My Facebook Fatigue idea was such a massive success, I've decided to branch out a bit.
But let me first tell you about the Online Untouchables. The poor souls who would love to form meaningful relationships in this connected world. But they keep getting the knockback from spam filters because they have peculiar names.
One of these people told me about his plight. "Bill" (not his real name, his real name is KXVXAG V1agra Gomez) said: "Facebook and Twitter are not for the likes of us. I pop in a friend request and am shunned. Then I try to follow somebody on Twitter and I get blocked. I just don't know what to do."
He put me in touch with "Fran" (her real name is Sxxxygrrl125, named after her grandmother). She was equally nonplussed by her manifold rejections.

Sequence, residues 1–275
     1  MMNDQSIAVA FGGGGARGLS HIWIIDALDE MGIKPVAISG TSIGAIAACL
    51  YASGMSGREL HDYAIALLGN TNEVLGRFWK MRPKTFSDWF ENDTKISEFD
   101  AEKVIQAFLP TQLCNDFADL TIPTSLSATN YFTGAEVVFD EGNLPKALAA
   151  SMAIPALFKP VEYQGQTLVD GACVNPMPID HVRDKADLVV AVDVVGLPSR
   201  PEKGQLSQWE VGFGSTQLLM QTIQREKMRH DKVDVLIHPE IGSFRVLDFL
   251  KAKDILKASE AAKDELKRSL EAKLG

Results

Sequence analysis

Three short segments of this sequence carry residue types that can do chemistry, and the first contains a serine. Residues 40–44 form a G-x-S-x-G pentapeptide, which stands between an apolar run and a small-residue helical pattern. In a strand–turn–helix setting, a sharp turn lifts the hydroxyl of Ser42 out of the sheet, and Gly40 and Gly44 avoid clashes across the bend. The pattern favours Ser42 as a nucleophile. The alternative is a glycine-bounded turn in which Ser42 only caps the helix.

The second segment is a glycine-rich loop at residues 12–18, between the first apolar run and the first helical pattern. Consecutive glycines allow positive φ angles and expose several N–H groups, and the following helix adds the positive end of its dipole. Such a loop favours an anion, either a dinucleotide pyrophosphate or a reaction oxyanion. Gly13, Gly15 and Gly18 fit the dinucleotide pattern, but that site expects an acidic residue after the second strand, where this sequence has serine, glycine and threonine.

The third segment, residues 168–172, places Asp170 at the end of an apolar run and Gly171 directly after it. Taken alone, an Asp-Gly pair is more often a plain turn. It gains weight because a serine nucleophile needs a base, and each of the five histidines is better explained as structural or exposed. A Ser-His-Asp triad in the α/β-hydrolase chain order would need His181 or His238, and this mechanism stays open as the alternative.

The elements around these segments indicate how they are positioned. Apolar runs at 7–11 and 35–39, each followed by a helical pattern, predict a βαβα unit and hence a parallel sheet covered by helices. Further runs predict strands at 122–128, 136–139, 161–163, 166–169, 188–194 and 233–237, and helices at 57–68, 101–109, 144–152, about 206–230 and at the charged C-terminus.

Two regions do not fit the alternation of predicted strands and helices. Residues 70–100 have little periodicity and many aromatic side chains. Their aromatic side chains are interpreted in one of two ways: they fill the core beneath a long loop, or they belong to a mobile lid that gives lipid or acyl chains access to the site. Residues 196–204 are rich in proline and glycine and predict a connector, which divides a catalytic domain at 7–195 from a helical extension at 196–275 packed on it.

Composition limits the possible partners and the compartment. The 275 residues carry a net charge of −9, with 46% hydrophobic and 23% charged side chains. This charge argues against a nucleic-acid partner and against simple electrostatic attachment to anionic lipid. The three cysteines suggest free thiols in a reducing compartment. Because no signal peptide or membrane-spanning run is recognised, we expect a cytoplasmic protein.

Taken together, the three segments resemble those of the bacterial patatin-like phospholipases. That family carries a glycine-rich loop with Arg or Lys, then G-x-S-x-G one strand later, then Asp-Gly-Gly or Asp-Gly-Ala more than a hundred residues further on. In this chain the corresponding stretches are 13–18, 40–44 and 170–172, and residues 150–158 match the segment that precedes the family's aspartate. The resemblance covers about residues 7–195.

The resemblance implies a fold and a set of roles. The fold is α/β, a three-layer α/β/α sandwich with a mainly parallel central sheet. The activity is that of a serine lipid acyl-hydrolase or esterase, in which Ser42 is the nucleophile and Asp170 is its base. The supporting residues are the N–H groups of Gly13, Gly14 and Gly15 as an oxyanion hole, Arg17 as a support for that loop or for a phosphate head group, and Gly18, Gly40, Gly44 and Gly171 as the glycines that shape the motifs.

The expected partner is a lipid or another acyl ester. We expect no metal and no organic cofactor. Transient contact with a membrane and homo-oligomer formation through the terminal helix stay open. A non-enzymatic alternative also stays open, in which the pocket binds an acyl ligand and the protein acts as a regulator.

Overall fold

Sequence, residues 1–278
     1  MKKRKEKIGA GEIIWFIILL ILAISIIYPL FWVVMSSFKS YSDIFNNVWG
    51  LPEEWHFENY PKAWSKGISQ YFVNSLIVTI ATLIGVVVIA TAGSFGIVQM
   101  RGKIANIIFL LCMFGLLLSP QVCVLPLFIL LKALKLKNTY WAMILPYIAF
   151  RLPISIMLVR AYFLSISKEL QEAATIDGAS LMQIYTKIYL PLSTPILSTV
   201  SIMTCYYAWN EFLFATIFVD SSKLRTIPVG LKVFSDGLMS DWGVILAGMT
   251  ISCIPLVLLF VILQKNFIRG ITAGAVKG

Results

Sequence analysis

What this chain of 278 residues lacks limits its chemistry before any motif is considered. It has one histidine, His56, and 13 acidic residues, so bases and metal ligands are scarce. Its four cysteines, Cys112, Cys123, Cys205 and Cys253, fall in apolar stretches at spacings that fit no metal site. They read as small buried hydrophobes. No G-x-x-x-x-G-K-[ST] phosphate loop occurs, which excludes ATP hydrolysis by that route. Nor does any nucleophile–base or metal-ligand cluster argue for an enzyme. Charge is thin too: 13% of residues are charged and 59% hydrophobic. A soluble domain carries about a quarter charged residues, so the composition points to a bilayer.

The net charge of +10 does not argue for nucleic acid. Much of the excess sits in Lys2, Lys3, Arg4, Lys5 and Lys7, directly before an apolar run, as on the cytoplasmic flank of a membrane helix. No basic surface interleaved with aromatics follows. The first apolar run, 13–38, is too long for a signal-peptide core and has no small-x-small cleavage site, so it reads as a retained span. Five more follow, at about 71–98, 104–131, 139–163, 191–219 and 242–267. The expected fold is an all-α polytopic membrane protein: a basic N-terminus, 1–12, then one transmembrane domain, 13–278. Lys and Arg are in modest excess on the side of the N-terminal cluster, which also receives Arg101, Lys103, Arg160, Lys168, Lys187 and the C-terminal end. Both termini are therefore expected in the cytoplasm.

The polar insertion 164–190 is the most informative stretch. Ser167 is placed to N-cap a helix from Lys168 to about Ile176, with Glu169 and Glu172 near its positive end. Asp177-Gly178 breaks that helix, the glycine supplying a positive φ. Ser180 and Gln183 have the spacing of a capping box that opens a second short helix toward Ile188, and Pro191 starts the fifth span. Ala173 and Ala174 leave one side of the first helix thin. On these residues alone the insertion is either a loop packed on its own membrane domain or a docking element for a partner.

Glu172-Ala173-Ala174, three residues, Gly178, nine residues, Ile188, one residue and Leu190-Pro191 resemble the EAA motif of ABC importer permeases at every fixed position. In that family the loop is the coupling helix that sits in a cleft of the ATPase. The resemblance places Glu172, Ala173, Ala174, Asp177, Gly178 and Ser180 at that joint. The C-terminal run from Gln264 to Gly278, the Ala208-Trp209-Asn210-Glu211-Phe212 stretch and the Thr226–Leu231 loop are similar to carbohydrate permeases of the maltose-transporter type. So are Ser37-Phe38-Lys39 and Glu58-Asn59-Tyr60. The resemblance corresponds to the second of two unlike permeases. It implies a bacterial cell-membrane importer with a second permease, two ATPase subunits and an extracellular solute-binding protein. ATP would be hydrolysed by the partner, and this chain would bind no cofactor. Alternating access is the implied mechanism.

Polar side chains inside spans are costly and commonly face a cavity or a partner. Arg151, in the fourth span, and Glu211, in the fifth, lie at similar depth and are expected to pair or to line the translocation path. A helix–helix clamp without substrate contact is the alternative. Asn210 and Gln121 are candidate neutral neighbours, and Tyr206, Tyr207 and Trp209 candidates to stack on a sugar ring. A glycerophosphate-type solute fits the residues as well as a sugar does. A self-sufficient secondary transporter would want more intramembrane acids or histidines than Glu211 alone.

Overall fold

"You know," said Fran, "when I'm out in town, I'm never short of male attention. For some reason, my weird skin complaint which means I can't wear many clothes without coming out in hives doesn't put them off.
"But when I go online, and try to find genuine friends who'll be happy to discuss my collection of horny Viking helmets and my inability to regulate my body temperature which makes me hot all the time, I get nowhere. And believe me, some of the comments I do receive are very rude and hurtful."
There's a gap in the market here and I'm going to fill it. I'm setting up imnotspam.com, a social networking site for people with peculiar names. In a way, it's a public service. In another, it's a method to make a lot of money.
I've publicised it on Twitter and I've already got 986 followers.
This will definitely work.